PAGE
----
The outlook for the industrial, commercial and engineering sectors of the province’s construction industry is bright for 2013, but not so good for the institutional sector, according to a report released recently by the Ontario Construction Secretariat (OCS).
The report says the outlook for industrial investment is positive for 2013, as foreshadowed by a 19-per-cent year-over-year increase in industrial building permits in 2012.
Investment in the industrial sector is expected to be driven by continued growth in the U.S. economy, which will lead to increased exports and higher manufacturing revenues.
Additionally, the capacity utilization rate – which measures the intensity with which resources in the manufacturing sector are being utilized – is currently above-average, meaning that there is an incentive to expand capital through investment.
Industrial activity will also be helped by the mining sector, the report says, thanks to work at the Red Lake and Musselwhite mines. Additionally, industrial investment will receive a lift from Vale’s $1-billion Atmospheric Emission Reductions (AER) plant in Sudbury.
Large-scale transportation projects will help stimulate construction in the industrial sector, the report says, specifically the light rail transit projects in Ottawa and Waterloo Region and the Metrolinx projects in the GTA.
Investment in the commercial sector is expected to grow at a decent pace over the next three years, the report notes, consistent with a steadily improving economy and labour market, continued population growth and increase in the value of building permits issued.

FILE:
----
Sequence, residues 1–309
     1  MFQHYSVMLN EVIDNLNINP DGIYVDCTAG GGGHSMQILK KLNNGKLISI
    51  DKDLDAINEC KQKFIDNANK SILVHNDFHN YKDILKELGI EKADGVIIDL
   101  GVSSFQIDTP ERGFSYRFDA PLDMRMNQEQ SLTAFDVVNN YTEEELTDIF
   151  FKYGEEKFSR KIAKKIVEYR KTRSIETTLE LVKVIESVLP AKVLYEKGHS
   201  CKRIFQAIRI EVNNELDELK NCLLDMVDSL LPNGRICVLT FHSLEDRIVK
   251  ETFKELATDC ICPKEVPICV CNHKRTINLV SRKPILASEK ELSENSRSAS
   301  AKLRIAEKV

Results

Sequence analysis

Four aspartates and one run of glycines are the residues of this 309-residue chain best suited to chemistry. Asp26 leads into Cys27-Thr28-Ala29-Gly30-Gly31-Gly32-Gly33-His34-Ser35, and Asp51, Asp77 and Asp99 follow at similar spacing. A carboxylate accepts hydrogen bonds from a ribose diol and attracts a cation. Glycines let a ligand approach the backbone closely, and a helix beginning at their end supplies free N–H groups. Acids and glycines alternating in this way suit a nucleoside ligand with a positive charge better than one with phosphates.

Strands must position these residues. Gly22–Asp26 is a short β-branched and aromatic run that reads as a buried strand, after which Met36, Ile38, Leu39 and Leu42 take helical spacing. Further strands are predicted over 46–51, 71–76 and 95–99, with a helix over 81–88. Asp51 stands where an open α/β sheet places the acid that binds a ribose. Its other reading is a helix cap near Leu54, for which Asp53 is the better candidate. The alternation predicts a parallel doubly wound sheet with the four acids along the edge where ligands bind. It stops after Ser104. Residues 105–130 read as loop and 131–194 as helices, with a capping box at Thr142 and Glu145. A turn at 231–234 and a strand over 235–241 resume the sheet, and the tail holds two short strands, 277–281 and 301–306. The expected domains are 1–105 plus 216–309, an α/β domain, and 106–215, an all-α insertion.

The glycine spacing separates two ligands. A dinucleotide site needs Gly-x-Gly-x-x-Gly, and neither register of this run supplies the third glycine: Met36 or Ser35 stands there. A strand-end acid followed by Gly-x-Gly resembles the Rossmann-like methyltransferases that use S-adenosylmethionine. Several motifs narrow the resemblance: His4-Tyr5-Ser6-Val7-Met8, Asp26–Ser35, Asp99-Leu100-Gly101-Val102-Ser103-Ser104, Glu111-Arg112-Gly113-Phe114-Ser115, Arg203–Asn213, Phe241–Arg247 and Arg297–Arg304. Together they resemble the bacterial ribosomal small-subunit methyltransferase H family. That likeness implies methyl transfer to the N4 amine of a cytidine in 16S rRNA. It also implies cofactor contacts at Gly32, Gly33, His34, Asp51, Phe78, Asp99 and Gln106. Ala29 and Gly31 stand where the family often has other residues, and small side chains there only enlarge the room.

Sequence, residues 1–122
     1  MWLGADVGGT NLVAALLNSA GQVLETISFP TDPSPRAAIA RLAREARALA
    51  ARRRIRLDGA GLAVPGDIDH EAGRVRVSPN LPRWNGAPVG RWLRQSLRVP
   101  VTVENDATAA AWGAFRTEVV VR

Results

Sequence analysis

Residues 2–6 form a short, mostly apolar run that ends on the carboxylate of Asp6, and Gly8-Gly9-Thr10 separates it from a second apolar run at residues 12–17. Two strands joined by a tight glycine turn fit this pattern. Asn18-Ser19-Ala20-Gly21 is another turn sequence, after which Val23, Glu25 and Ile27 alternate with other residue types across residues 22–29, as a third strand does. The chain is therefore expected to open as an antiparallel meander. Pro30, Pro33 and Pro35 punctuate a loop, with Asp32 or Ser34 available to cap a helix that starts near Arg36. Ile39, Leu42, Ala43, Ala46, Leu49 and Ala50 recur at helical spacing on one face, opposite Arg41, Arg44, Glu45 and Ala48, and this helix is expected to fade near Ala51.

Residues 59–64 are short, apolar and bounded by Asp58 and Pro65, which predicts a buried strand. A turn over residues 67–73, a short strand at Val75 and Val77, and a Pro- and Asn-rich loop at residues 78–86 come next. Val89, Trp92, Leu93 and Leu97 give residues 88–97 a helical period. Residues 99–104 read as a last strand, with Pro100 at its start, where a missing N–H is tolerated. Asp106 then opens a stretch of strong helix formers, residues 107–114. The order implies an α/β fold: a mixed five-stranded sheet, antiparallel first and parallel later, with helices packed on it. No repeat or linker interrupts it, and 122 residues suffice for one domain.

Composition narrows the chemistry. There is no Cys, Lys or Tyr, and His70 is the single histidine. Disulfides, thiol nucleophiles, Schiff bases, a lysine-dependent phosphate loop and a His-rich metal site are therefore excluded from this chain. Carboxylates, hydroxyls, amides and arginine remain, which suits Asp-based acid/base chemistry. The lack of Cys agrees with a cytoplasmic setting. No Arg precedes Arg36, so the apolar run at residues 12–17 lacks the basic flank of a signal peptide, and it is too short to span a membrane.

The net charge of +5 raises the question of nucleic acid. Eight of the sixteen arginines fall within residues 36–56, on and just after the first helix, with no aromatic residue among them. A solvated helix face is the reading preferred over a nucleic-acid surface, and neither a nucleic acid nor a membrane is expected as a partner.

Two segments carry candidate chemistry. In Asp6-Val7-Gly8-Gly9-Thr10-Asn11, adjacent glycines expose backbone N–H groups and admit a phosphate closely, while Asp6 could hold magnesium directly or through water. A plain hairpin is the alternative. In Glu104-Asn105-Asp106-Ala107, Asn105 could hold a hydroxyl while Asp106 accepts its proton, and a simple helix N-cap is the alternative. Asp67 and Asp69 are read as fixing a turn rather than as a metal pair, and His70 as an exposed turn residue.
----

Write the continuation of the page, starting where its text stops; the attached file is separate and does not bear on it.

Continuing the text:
Strength will be concentrated in the Greater Toronto Area (GTA). The migration of the echo-boomer generation to the downtown core has played a role in stimulating office building demand, which when combined with tight supply conditions, has spurred a new office construction cycle.
Commercial investment in other regions of the province will also likely grow, the report says, though perhaps not as fast as the GTA.
PanAm Games projects, which are considered commercial, are also expected to help boost investment. The capital budget for the Games is $674 million and includes a number of projects in the GTA and Hamilton. Several of the projects have already been tendered by Infrastructure Ontario.
In the engineering sector, investment is projected to be fairly solid in 2013 before slowing in later years due to fiscal austerity measures.
Almost every region of the province has one or more major engineering projects planned or under way, the report states.
The GTA is home to the Metrolinx transportation projects and construction on highway 407. Looking longer-term, there is also the anticipated nuclear rebuild project slated for 2016.
Light Rail Transit projects in both Ottawa and Waterloo Region are expected to lift engineering investment over the next three years. Engineering investment will also be strengthened by the mining sector in northern Ontario and the Rt. Hon. Herb Gray Parkway and Detroit River International Crossing in southwestern Ontario.
The institutional, sector, however, is expected to weaken, the report states, as government spending retrenches and the sector continues to unwind from the stimulus-related gains seen in 2010 and 2011 when institutional investment grew by a meaty eight per cent.
Softening institutional activity is already evident as institutional permits declined 22 per cent in 2012 versus 2011.
Major institutional projects currently under way include the $2-billion hospital in Oakville and the $1.75-billion Humber River Regional Hospital.
Infrastructure Ontario has indicated that there are roughly 29 major institutional projects that are currently in the planning stage.